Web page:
I also threw in a bunch of peppermint swirl candies for color. These were my mom’s favorite candies, and whenever people came to visit she would ask that they bring them. When I got her things, I found 7 enormous bags of these mints (!) in her closet. I took 3 home (David loves these, too) and left 4 for the other residents, because they used to come into her room and ask for some. There is also red tissue paper underneath all this that I saved from a gift and reused.

A little magpie packrattery, some making, some small nods to the past, and ardent hopes for the future add up to a holiday celebration I can feel good about. I wish you and yours a joyful holiday season, any which way you choose to celebrate it (but choose!)!

*The World Is Too Much With Us


The world is too much with us; late and soon,
Getting and spending, we lay waste our powers;—
Little we see in Nature that is ours;
We have given our hearts away, a sordid boon!
This Sea that bares her bosom to the moon;
The winds that will be howling at all hours,
And are up-gathered now like sleeping flowers;
For this, for everything, we are out of tune;
It moves us not. Great God! I’d rather be
A Pagan suckled in a creed outworn;
So might I, standing on this pleasant lea,
Have glimpses that would make me less forlorn;
Have sight of Proteus rising from the sea;
Or hear old Triton blow his wreathèd horn.


  1. That’s a beautiful gives, and one I’d certainly be happy to receive as a Secret Santee. I think the time and thought we put into something is what matters – it’s the thinking and feeling behind it that are the important things, not flashy commercialism! I hope you have a peaceful and fulfilling Christmas break!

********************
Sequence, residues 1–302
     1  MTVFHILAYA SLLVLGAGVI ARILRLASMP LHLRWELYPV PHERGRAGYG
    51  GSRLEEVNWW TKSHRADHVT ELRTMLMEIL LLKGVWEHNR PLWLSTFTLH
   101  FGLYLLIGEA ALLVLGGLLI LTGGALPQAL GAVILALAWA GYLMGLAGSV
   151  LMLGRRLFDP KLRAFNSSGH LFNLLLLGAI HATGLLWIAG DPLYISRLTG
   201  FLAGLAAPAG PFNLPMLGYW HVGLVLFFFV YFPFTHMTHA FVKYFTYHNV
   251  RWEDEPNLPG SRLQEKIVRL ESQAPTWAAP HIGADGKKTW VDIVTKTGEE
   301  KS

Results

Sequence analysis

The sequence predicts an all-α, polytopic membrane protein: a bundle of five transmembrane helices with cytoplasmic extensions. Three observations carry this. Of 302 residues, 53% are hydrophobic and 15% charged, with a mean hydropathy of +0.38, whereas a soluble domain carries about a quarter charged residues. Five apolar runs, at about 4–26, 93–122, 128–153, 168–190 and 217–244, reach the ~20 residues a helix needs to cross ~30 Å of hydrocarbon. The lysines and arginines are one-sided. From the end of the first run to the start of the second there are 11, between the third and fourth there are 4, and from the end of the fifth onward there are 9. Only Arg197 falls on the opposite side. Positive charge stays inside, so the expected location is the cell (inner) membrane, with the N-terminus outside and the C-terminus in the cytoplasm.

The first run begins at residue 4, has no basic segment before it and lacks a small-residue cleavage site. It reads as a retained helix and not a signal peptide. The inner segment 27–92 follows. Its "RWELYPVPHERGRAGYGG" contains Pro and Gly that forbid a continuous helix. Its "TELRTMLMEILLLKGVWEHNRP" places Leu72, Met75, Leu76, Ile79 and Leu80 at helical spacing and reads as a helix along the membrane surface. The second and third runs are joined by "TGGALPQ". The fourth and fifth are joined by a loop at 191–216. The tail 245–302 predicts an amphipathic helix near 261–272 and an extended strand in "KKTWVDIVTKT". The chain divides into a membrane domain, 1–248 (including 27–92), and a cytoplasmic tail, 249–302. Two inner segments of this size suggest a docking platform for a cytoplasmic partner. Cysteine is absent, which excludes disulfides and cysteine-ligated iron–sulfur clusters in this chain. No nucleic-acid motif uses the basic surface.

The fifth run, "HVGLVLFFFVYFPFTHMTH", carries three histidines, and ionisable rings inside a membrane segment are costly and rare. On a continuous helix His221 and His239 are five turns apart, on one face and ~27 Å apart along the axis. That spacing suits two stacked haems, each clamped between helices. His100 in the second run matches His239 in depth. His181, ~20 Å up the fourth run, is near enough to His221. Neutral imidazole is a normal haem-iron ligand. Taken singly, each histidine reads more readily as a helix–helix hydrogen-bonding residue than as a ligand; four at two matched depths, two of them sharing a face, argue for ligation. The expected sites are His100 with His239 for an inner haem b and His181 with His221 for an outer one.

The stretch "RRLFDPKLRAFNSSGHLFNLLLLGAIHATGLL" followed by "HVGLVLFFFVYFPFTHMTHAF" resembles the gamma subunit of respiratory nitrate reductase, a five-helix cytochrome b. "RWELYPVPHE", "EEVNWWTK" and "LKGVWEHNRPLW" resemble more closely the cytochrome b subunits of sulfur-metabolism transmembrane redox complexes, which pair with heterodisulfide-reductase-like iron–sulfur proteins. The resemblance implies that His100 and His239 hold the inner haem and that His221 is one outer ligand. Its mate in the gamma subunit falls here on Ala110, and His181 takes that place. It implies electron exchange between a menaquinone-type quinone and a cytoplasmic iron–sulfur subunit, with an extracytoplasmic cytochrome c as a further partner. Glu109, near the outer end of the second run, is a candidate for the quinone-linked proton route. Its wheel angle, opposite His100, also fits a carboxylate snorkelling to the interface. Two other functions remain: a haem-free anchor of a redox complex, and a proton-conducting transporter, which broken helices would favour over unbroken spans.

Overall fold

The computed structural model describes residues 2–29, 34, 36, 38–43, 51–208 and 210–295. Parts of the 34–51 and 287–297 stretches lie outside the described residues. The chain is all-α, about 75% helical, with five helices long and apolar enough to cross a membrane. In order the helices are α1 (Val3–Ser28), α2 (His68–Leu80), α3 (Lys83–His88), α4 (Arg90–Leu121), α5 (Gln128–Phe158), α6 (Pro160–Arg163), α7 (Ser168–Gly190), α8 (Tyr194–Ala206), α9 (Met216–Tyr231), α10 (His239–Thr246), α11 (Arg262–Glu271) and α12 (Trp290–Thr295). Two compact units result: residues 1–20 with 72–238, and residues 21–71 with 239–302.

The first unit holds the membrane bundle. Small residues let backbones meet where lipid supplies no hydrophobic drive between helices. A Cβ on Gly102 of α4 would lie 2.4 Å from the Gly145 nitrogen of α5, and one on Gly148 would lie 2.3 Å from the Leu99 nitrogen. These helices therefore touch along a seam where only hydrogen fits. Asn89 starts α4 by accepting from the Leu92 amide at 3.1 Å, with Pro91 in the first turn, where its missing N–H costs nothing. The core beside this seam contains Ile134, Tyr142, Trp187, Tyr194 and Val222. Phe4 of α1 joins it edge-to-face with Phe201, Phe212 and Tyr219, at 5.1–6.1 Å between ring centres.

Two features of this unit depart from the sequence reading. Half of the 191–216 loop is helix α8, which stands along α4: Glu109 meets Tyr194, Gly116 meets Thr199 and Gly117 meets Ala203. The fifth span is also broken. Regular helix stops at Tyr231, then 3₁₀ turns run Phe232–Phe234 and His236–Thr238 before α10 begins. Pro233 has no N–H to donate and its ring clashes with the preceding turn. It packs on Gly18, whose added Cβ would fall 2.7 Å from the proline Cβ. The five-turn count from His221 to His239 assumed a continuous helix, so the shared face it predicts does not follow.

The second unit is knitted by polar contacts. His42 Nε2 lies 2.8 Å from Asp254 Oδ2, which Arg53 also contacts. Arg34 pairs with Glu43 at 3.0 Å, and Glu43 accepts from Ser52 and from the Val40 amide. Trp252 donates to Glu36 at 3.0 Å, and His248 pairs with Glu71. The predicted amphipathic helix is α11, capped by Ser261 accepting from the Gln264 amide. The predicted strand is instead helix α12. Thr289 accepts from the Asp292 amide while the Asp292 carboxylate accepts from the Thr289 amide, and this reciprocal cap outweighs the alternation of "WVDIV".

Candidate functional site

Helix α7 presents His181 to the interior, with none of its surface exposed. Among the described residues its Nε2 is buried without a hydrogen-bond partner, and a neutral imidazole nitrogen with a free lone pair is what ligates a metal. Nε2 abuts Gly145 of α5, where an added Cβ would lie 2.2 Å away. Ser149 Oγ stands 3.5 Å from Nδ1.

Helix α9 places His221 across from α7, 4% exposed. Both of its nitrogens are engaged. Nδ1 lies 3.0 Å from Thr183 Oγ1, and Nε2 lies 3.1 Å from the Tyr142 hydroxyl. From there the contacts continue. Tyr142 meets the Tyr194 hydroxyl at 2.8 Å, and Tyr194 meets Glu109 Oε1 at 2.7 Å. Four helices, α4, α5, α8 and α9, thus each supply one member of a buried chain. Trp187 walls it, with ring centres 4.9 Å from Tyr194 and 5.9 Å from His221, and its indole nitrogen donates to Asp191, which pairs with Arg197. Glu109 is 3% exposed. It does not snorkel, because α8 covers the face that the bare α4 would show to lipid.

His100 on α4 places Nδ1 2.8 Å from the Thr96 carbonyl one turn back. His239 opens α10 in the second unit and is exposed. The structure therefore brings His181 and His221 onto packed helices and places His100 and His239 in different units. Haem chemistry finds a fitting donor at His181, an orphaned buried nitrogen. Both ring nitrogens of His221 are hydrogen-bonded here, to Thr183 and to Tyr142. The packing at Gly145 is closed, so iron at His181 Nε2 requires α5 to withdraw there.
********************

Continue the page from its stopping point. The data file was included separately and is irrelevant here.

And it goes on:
2. We are very much alike – nothing goes to waste. I would add, however, that such gifts only deserve recipients who can appreciate the ingenuity and the effort. Have a calm holiday, with all those you want near you!

    1. I agree with you! It was actually a sort of litmus test surrounding gift giving in my reimagining of the holidays. If a person wouldn’t appreciate a handmade gift, perhaps the gift giving was a “should do” and maybe needed to be stopped or changed. My husband and I gently ended some extended family gift giving because of this. If I have to give a gift at a gathering where I don’t know people well (like last year’s holiday party at my husband’s work) I buy, too.

      Have a wonderful holiday!

  3. What a wonderfully considered and curated gift! I think this is a lesson in the gloriousness of stuff. Not only is each piece part of your tale but you are weaving it into new tales, one that will be part of your shared story and one that will be part of the recipient’s own story, rippling on and on in its own right. How different from the disposable stuff culture we live in and how wonderful!

    Rainer Maria Rilke may have asserted that we “are utterly alone in the things most intimate and important to us” but in my mind, these lace-like webs, woven from shared stories and human connections, reflect back to us who we truly are, grounding us in ourselves and acting as a balm for Rilke’s aloneness.

    1. Have you read the book Vibrant Matter by Jane Bennett? I used it for my research proposal when I was in school, and loved it. She talks about these webs of stuff. I wrote a little review of it on my book blog:

      I think you might like it 🙂 It’s out there, but in a good way.

      I still need to read Rilke — maybe during the break I can get started 🙂 I often think about aloneness/lonely and solitude, and the difference, and I think he’s the person to enrich that thinking.

  4. This seems to be a perfect gift, with all these layers of thought and meaning. And I love that your mom was included! I also liked the idea of the litmus test about gift giving that you mentioned a comment–it’s a fascinating way to sort through the reasons and need for gifts!